Pittsburgh is taking steps to be even more livable – starting with a comprehensive transportation plan aimed at getting more people walking and biking and less people driving. Go ahead, do your little happy dance.
I just got back from the kickoff meeting for MOVEPGH, which is the transportation portion of PLANPGH. If you haven’t heard about either of these, go to the sites for the full details, or read Bike Pittsburgh’s post about it.
Briefly, the purpose of MOVEPGH is to “provide a transportation network that is safe and efficient while meeting the city’s commercial, residential and recreational needs. At its essence, MOVEPGH is a vision of the City’s transportation network for 2035.”
A big effort is being put on increasing the transportation options in a way that leads to a healthier, more vibrant and economically thriving community. And although Pittsburgh has already been named the most livable city in America (on several occasions), there is still a huge opportunity to improve. One area in particular that I’d love to see increase is the percentage of the city’s population that bikes to work, which is at 1.4%. That puts Pittsburgh at 53rd out of the 244 biggest US cities (by population). In comparison, Boulder Colorado is tops with 12.3%, followed by Eugene, Oregon at 10.8%. Portland, Oregon, a city that is more comparable to Pittsburgh, is at 5.8%. (2009 American Community Survey Commuter Statistics)
When it comes to pedestrians, Pittsburgh is already #2 in the country, with 14% of the people hoofing it to work.
From the PLANPGH site, “As more people move to Pittsburgh’s urban core, enhanced transit, walking and biking options will be required in order for improvements in safety, capacity and efficiency to be achieved.” There are tremendous opportunities for us to not only improve the cycling conditions and options in the city, but also for walking, transit, and yes – even driving.
It is essential for the success of this plan that you participate. Make your voice heard. Share your ideas, complaints, and opinions with the planning team – this is an opportunity that won’t come again for a very long time, and it will affect the city’s transportation decisions for the next 25 years. There will be additional opportunities for your input during a goal setting workshop (early March) and a series of 4 week-long workshops to be held between April and August. See the PLANPGH outreach events calendar for details, and follow their Facebook Page to stay on top of what’s happening.
If you live or work in a large city, choosing the right path to take on your commute can be the difference in enjoying your daily ride and getting run over by a car. While there are some streets that are wide enough and maybe even have bike lanes, there are others that are narrow with no shoulders or have parked cars lining the curb. Trying to figure out the quickest, and safest path to work can be difficult, especially if you’re not familiar with the labyrinth of city streets, alleys, bike paths, rail trails, etc.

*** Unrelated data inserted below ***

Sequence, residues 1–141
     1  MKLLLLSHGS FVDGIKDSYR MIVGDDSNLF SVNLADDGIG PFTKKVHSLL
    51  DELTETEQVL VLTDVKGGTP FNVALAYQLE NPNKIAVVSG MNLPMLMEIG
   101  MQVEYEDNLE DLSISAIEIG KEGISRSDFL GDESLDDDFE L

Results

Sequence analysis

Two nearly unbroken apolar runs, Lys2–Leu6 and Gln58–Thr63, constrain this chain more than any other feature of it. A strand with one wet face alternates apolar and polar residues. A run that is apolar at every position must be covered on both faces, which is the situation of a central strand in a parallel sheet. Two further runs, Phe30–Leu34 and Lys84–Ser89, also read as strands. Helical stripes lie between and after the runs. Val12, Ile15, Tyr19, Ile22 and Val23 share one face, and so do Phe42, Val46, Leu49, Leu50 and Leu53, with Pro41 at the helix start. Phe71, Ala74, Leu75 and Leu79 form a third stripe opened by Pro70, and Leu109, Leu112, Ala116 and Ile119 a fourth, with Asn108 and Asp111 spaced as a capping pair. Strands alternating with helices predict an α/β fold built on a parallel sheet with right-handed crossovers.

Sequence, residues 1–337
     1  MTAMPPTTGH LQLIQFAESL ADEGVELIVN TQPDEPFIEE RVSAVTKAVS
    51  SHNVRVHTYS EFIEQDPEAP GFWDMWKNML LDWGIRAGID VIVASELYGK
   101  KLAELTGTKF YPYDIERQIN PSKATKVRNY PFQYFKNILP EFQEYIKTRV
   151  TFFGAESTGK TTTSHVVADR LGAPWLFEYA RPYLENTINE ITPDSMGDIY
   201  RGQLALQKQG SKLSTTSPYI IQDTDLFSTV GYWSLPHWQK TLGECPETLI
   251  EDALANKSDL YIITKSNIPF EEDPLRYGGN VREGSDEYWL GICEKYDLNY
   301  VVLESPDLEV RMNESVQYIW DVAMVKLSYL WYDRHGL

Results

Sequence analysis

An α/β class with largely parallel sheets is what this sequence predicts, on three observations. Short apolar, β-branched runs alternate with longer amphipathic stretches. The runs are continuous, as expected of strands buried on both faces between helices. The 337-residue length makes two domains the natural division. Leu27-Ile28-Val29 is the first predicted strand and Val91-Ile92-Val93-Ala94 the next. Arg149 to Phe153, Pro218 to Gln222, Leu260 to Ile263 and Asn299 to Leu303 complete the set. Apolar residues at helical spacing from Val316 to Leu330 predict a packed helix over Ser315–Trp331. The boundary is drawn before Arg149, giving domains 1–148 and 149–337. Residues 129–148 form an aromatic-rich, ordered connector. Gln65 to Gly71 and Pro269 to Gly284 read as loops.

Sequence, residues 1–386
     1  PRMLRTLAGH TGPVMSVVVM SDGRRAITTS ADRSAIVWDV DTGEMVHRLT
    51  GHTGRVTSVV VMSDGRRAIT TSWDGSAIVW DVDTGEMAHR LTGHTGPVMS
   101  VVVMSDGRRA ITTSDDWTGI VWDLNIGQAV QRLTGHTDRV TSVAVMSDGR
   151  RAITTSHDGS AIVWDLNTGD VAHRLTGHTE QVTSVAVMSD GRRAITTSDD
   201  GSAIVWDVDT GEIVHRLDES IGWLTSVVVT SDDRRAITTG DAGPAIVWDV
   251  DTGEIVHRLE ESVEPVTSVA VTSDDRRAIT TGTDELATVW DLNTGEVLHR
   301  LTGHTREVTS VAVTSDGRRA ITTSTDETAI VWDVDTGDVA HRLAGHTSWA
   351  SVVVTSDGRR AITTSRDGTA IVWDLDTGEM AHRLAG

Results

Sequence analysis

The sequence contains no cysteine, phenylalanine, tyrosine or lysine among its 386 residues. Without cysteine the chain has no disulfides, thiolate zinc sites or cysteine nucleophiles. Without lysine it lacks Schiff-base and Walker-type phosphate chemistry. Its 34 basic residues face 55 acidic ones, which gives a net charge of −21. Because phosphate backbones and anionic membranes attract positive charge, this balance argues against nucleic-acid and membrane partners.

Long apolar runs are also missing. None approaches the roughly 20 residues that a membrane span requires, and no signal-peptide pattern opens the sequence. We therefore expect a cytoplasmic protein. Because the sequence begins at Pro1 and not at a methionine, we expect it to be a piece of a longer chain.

So how do you choose your route? If you’re in Pittsburgh, you’re lucky – you can download and print the Pittsburgh Bike Map from Bike Pittsburgh. For everyone else who’s not so lucky to live in the new Portland, you can use the biking directions feature of Google Maps.
“Google Maps has biking directions?” Not an uncommon question. The answer is yes. You can go to Google Maps, click on Get Directions, type in your starting and ending points and get driving directions. You probably already knew that. But have you noticed the little biker icon that you can click on? (See below)
Clicking on that biker dude will bring up directions geared for pedaling. They’ve been available since March 2010, but have recently been updated and improved. As of last week, a new legend feature provides better understanding of what the different colors on the bike maps symbolize.
Now when choosing your route to work (or wherever you’re going) it’s easier to see which roads are more cycling-friendly. That way, you can live to bike another day.
What resources do you use to plan your routes? Are there some great local organizations in your city that provide bike maps or something similar? Let me know in the comments!
I don’t know everything there is to know about bike commuting. Far from it – there’s a lot that I’m still finding out everyday (and sharing with you here!). Learning things the hard way isn’t always fun, like the time I forgot to check the radar before heading home when an impending storm was moving in. Now, if there’s even a small chance of rain, I’ll look out the window and check weather.com before leaving.
I much prefer to learn things the easy way. Fortunately, this interwebz thing makes it easy to learn from other people’s mistakes and experiences. As I find some good intel, I’ll be sure to share it here.
The first thing I’d like to share with you is Paul Dorn’s Bike Commuting Tips. This is a well written, entertaining summary of the top things to consider to make bike commuting easier for you. He covers topics like choosing a bike, choosing a route, parking and locks, bike maintenance, safety and more. He also has a blog that, although it hasn’t been updated in a couple months, does have some interesting material.
I’d love to hear your tips – that’s what the comments are for! Let everyone know your top tip on bike commuting and we can all learn from each other.